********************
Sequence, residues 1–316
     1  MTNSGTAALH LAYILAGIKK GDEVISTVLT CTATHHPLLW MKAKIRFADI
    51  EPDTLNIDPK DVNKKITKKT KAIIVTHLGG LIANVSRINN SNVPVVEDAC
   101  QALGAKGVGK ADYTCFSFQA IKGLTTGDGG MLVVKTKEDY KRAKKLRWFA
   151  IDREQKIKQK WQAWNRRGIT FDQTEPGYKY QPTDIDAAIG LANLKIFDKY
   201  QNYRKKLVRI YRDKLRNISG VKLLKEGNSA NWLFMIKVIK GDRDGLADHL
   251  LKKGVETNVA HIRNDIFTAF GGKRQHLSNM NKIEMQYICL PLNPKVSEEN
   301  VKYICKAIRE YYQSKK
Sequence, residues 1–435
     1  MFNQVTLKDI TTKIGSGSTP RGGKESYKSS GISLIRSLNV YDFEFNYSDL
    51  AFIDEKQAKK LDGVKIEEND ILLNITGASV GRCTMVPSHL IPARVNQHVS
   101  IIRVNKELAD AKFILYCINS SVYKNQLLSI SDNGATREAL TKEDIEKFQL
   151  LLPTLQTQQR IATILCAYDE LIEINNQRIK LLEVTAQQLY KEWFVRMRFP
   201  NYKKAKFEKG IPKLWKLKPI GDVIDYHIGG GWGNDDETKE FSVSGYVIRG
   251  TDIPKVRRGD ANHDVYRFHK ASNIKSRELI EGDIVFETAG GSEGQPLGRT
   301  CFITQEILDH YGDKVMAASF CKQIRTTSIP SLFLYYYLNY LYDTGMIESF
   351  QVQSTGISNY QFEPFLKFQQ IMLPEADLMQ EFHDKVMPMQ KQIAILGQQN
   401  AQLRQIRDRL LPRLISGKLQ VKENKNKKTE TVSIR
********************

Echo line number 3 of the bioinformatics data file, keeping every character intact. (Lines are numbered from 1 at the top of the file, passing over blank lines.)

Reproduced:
    51  EPDTLNIDPK DVNKKITKKT KAIIVTHLGG LIANVSRINN SNVPVVEDAC